The two women worked together in Moscow on a giant Pygmalion style operation transforming a hundred or so fanatical communist engineers into American students destined to study at MIT, Columbia and Harvard. But the pair never became friends; they were too different in background and character.
Klivans was fiercely intelligent, a lively free spirit. Her family succeeded in the US. Born into wealth in Youngstown Ohio, Gertrude attended Radcliffe College studying English literature. But in the 1930s there were scant opportunities for such a talented individual. She returned home to teach at the local High School and await marriage but this was not the future for which Klivans yearned. Her free spirit drove her to board a round the world trip. Her trip stopped in Moscow. Her letters home recorded a unique first-hand account of the excitement and depravation of the early days of Stalin’s rule. In her time in Moscow Klivans moved in exalted literary and political circles squired by her lover she met on the Trans-Siberian Express, a full Red Army General. She went to work with work with the GRU. Eventually, she married one of her language students and settled in the USSR. Her American family lost touch with her during the chaos and confusion Second World War but ran a campaign to find her. Luckily one of her students Vasili Kuznetsov, who visited her parent’s home rose to become the Head of the USSR three times! Gertrude survived the war with her family in Russia.
Ray Bennett was motivated by her political ideals and driven by an intense sense of injustice, developed as a young immigrant growing up in poverty in the Russian enclave of Brooklyn, New York. Her enthusiasm for righting the wrongs of the world only dimmed when in 1930 she gave birth to her daughter, Joy. Motherhood became Ray’s new cause which ended abruptly with her arrest and eventual execution as part of the purges. But what happened to her daughter?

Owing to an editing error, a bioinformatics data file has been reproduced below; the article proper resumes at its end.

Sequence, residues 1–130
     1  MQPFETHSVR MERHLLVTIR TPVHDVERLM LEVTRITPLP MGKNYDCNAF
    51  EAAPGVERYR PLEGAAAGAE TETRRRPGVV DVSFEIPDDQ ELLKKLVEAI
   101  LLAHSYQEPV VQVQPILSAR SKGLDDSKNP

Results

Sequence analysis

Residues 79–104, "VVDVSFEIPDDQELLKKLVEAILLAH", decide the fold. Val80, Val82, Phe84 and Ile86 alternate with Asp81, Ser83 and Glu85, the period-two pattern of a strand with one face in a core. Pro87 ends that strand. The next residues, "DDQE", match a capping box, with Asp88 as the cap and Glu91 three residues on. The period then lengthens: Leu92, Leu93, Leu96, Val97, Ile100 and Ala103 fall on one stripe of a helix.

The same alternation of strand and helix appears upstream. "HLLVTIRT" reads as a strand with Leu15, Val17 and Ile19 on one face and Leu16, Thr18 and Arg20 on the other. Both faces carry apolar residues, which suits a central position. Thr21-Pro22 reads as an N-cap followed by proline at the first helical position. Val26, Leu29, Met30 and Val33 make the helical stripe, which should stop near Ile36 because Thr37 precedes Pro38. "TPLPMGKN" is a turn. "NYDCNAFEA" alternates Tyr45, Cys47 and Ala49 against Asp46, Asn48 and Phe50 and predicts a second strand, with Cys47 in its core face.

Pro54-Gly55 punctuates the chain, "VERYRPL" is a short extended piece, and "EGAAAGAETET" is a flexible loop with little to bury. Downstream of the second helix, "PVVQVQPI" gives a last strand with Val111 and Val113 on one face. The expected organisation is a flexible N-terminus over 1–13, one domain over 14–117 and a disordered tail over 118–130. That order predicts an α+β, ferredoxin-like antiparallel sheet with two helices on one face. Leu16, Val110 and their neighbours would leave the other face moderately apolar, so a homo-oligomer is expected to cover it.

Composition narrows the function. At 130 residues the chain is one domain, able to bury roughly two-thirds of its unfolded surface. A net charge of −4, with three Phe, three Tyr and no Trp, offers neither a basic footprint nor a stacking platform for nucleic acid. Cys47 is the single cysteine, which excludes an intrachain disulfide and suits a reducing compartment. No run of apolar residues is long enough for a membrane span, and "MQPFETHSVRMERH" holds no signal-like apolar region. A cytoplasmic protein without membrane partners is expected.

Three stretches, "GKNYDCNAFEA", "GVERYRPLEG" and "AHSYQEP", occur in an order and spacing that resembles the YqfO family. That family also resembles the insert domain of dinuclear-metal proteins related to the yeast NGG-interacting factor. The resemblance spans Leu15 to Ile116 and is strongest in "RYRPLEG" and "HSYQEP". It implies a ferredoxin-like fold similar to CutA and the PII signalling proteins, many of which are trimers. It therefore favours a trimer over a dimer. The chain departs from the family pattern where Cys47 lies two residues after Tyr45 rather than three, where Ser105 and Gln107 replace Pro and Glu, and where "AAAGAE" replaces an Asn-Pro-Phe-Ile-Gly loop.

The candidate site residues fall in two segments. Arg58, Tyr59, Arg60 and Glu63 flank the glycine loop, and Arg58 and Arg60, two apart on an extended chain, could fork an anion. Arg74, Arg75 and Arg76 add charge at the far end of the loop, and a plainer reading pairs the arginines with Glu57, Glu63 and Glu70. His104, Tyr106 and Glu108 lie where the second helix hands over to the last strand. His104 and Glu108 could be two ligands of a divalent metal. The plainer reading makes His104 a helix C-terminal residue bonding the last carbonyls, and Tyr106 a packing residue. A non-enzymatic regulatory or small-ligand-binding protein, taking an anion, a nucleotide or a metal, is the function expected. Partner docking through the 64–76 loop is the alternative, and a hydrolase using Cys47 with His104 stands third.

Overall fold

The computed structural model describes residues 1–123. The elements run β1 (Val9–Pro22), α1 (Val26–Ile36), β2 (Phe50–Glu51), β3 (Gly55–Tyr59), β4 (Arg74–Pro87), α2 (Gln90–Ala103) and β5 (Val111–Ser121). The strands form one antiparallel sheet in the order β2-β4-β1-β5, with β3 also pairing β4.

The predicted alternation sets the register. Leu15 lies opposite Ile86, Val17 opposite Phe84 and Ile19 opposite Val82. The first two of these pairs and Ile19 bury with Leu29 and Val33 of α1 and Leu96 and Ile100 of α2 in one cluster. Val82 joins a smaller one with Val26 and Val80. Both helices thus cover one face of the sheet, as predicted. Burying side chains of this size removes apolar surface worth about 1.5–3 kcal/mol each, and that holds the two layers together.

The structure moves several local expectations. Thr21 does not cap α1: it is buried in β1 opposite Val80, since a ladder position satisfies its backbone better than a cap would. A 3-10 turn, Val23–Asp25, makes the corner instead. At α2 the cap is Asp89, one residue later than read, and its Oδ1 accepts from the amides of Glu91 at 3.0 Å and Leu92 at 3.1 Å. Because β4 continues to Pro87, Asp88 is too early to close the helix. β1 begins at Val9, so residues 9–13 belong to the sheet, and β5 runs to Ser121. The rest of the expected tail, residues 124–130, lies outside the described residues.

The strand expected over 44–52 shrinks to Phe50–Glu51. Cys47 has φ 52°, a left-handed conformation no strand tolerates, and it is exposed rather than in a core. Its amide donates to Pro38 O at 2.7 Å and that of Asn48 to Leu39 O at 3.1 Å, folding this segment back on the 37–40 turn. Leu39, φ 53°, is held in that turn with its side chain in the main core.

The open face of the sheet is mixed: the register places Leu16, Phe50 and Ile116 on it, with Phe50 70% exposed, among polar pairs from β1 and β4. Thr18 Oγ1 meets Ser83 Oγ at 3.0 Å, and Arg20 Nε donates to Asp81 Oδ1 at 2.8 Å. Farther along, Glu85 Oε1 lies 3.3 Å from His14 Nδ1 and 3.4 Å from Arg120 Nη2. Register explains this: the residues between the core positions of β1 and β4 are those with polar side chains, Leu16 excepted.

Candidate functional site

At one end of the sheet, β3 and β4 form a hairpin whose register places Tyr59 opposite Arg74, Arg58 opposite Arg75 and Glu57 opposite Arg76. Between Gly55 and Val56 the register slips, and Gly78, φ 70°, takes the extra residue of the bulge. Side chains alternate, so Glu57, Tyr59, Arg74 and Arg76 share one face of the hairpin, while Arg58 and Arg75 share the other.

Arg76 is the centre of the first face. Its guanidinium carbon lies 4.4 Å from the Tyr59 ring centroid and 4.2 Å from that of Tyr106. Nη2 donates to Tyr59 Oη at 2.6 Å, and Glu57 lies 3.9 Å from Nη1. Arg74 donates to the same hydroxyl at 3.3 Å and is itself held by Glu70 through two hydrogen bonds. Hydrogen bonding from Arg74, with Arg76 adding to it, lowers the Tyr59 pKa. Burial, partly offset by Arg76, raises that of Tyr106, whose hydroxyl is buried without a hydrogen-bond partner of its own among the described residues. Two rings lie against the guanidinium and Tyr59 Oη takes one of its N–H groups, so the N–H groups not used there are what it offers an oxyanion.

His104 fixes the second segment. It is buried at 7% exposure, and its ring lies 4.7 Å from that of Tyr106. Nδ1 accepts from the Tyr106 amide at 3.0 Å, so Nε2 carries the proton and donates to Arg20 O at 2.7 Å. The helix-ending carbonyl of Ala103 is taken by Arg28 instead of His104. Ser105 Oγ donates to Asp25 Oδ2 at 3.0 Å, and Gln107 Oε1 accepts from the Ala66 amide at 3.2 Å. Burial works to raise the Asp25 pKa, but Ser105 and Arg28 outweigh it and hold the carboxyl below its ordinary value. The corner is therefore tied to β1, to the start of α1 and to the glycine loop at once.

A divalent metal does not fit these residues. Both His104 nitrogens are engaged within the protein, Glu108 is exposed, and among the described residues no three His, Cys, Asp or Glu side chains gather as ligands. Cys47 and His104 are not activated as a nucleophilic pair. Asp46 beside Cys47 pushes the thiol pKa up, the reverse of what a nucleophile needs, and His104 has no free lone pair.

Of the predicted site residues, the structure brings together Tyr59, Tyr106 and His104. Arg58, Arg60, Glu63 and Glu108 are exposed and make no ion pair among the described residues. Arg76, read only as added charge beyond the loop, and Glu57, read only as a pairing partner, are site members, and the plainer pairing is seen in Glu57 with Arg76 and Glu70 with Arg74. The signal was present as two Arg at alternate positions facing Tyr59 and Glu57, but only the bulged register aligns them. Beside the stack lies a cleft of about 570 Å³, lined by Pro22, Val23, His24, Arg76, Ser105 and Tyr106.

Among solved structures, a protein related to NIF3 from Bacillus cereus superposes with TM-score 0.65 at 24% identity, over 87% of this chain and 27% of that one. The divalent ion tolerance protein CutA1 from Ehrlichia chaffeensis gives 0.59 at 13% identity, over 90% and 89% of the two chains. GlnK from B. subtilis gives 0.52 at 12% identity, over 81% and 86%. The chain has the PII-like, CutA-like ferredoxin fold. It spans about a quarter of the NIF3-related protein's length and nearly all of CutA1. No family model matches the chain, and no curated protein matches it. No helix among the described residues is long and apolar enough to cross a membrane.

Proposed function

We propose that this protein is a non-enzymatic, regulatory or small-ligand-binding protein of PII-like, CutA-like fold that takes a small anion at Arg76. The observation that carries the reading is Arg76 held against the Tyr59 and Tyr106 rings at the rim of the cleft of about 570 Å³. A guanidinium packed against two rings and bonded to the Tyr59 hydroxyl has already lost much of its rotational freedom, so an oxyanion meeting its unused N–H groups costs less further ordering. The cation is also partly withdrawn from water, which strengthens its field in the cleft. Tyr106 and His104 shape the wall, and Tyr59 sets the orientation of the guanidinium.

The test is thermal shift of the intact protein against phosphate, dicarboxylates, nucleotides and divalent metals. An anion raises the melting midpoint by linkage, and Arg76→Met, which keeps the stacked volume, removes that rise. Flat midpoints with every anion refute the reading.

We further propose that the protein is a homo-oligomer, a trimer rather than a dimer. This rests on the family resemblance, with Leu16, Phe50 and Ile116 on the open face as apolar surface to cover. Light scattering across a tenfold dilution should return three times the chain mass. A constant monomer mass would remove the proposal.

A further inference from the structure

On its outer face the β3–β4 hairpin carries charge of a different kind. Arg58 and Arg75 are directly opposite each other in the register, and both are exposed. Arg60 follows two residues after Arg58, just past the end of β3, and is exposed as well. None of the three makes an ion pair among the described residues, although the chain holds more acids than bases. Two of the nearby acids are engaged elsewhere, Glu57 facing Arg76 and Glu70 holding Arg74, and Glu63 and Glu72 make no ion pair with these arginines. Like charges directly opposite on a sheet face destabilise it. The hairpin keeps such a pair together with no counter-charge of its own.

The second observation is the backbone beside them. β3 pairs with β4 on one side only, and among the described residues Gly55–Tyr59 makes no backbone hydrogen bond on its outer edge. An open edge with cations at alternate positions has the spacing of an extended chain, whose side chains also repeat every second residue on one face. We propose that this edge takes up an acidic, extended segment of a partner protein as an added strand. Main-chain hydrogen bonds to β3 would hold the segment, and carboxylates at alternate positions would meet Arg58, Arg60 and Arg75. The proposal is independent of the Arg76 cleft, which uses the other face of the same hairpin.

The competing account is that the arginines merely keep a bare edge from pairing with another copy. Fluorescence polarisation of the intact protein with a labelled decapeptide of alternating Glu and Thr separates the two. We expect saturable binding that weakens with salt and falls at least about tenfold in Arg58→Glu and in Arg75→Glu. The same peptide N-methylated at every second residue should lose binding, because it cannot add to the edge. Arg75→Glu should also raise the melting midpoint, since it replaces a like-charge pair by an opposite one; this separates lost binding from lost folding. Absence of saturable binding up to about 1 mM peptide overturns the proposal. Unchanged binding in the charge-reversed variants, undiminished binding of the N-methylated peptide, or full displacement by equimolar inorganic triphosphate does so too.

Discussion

In 2017, I contacted Joy in Moscow with great trepidation. Her mother had been snatched from her life when she was aged just five. Her father a GRU general then removed every photograph of Ray from their home. I worried that she would not wish to talk to me. How wrong this was. As we talked, Joy – now aged 88 - recalled distant memories of her trip to America. My research for the book had uncovered documents that detailed the interrogations of her mother. They make tough reading. Joy went quiet as she slowly digested what had happened to Ray. No matter the harrowing nature of her mother’s fate, Joy thanked me for uncovering the truth at last and told me I was doing “sacred work.”
Discovering the story of these two remarkable women was a revelation but retelling their stories proved tough. As a mother of a young child, I was intensely moved by the last letter from Ray to her daughter sent from a prison camp. It is remarkable that Ray was so positive in tone and confident that the pair would be reunited. Sadly, it was never to be. Both women proved invaluable to Stan Shumovsky. Stan was the spy who changed history, exfiltrating the aviation secrets from the USA that enabled the Soviet Union to build the fleets of airplanes required to defeat the Nazis.